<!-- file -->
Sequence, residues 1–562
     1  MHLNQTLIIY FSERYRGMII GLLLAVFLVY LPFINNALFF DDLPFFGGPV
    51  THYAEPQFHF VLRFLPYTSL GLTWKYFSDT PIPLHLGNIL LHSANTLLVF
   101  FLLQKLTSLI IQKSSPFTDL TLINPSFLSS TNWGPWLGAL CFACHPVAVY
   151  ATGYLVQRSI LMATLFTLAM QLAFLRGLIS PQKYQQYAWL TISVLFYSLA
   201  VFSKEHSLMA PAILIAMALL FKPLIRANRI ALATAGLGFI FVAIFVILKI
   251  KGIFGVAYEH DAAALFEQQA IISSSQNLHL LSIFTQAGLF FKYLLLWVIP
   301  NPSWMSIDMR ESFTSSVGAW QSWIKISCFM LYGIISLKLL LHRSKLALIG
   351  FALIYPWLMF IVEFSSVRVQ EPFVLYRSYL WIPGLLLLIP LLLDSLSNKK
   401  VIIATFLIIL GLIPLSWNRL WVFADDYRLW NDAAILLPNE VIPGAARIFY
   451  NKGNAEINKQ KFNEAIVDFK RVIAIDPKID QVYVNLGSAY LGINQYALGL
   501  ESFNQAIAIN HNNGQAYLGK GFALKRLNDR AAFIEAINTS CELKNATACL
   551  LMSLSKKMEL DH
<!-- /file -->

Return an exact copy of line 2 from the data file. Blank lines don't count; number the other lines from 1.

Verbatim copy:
     1  MHLNQTLIIY FSERYRGMII GLLLAVFLVY LPFINNALFF DDLPFFGGPV